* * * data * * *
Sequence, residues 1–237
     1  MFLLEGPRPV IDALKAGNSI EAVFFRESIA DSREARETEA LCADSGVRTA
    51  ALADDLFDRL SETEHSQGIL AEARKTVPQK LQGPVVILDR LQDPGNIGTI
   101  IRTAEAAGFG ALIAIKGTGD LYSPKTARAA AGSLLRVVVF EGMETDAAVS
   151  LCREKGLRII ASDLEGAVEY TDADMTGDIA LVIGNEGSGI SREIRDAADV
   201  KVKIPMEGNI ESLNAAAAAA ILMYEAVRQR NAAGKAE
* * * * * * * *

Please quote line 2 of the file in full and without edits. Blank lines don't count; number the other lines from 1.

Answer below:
     1  MFLLEGPRPV IDALKAGNSI EAVFFRESIA DSREARETEA LCADSGVRTA